In general the pointed needle will be of the type conventionally used for intravenous applications. Suitably the needles are formed from stainless steel which optionally may be covered by a biocompatible coating to aid performance. Most aptly the outside diameter of the needles will be between 1.5 and 2.0 mm. When fixed within the needle hub, the exposed length of the needle will be between 15 to 35 mm and preferably is 25 to 30 mm.
In the embodiment wherein the needle is held rigidly in the handle, the handle is suitably moulded around the blunt end of the needle which has been previously roughened or scored to provide a keying surface. Alternatively the needle may be fixed in a preformed handle by the use of a suitable adhesive.
In the preferred embodiment the needle hub will be formed from methacrylate-butadiene-styrene polymer (known as MBS polymer) or acrylonitrile-butadiene-styrene polymer (known as ABS polymer). The ABS or MBS polymer is conventionally moulded around the needle to form the hub. The enclosed end of the needle is previously roughened or scored to ensure the needle is held fixedly in the hub. The internal bore of the needle and needle hub is arranged to be as smooth as possible to reduce to the minimum the risk of damage to infused fluids, for example, blood.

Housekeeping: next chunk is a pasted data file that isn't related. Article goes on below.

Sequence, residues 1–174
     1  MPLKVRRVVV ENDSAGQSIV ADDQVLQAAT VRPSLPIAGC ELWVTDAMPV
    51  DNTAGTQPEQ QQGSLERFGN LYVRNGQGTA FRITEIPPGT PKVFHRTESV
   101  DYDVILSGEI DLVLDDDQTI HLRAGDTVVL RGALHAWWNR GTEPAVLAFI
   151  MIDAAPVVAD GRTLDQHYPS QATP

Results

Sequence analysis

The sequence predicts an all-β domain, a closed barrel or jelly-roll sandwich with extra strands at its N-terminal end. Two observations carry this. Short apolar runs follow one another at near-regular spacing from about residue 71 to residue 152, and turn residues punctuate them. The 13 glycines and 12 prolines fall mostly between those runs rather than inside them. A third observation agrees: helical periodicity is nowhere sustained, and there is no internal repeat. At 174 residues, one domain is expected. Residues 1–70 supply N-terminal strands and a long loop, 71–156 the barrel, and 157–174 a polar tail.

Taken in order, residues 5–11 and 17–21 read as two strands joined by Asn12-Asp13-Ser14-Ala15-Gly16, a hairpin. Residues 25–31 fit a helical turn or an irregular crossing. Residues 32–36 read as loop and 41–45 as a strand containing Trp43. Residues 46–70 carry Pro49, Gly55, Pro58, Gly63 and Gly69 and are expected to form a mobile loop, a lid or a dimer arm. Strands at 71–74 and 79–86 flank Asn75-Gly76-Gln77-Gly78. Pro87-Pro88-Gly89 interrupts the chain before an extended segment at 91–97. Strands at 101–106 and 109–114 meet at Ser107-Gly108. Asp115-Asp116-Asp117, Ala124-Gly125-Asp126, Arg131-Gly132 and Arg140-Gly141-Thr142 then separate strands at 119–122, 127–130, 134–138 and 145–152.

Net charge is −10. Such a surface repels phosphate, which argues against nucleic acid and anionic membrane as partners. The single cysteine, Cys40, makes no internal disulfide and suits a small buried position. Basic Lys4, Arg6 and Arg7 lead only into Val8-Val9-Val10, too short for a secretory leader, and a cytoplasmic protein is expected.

Suitably in this preferred embodiment the needle hub will have an annular flange close to its distal end. The body portion and wing sections are held between this flange and tubing which is sealed around the proximal end of the hub and which connects to the extracorporeal blood circuit or source of fluid to be infused. As described hereinbefore the body portion is free to rotate around the needle hub.